Posted on January 1st, 2015 in News
When the dust settles later this year on the new world of housing, it will settle on a world in which social housing was pretty much supposed to be sorted – largely brought up to Decent Homes and the Scottish and Welsh Housing Quality Standards – or got rid of, through comprehensive physical, social and economic regeneration programmes, washed along by the raft of public money that has been available for these programmes. It should be difficult for gritty urban street dramas to find those grim areas that they love as backdrops.
In reality, of course the film-makers need not worry. The country will still be littered by struggling estates and neighbourhoods with regeneration plans going nowhere and employment and income levels on them falling even further as the cuts bite. What they will need is joined-up area based, community-led, economic, social and physical regeneration plans. Yes, we know this is easier said than done, but that is still how you turn round failing areas and do not let anyone tell you otherwise.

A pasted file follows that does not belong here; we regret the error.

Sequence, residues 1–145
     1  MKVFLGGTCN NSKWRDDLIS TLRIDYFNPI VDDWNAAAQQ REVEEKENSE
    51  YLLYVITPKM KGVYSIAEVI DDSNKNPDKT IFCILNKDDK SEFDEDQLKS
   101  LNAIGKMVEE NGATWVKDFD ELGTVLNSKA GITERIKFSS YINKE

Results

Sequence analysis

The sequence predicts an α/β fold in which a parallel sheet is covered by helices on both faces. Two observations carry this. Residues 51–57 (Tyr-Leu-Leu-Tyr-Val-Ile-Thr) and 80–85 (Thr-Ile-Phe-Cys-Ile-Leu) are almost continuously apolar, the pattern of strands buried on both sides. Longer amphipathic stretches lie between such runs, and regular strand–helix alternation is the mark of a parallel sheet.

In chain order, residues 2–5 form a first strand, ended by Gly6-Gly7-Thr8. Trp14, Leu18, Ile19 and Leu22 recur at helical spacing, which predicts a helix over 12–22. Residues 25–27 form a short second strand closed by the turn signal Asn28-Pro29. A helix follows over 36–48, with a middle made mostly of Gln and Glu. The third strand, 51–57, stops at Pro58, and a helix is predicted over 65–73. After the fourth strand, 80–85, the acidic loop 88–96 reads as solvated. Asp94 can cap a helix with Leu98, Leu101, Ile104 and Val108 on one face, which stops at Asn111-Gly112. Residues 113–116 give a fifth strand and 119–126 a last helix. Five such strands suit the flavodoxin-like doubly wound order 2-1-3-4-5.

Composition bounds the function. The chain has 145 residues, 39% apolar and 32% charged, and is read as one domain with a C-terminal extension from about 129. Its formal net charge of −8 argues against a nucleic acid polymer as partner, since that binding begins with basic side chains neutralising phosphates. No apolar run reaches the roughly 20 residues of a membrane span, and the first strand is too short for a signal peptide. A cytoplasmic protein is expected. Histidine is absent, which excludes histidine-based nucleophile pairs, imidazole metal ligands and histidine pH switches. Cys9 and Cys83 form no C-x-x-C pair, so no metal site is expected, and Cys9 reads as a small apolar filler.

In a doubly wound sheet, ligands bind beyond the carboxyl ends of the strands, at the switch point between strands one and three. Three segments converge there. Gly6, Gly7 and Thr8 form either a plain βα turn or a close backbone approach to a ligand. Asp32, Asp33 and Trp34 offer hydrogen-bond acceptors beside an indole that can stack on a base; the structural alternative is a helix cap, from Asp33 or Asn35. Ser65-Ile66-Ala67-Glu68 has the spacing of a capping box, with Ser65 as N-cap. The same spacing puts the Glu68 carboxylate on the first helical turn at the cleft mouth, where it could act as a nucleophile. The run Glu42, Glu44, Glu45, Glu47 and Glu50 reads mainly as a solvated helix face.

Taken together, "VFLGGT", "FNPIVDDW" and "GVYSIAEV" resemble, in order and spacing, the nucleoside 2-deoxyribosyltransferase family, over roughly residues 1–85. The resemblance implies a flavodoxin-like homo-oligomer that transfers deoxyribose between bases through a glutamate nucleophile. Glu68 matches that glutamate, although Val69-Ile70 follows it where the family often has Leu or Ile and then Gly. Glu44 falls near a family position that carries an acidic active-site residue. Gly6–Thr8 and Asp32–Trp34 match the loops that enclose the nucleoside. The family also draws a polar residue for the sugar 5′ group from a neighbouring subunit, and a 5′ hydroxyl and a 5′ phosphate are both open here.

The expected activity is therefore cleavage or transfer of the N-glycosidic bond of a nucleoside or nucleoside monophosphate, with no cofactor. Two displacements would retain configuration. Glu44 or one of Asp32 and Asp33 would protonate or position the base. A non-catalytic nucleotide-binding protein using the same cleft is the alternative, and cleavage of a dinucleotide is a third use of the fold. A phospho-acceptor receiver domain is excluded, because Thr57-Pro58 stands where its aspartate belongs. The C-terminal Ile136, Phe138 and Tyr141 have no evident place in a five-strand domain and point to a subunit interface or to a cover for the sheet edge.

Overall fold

Is anyone going to pick up this ball? Obviously councils have the strategic responsibilities, and must step up to the plate, despite their reduced resources and thinly stretched skills and capacity. But let’s look to the social landlords as well to step up.(By which we mean housing associations of course, but also ALMOs and council housing services). They have resources and they are supposed to have the skills. The best already do excellent work in this field. And often they have most of the homes in the areas we are talking about. Especially these responsibilities sit squarely on the shoulders of stock transfers – this is surely what many of them were set up for, once the initial investment promises have been met? There are at least 180 associations in Britain that can reasonably be described as wholly or largely transfer associations. For many of these, the time has come to show what they can really do!
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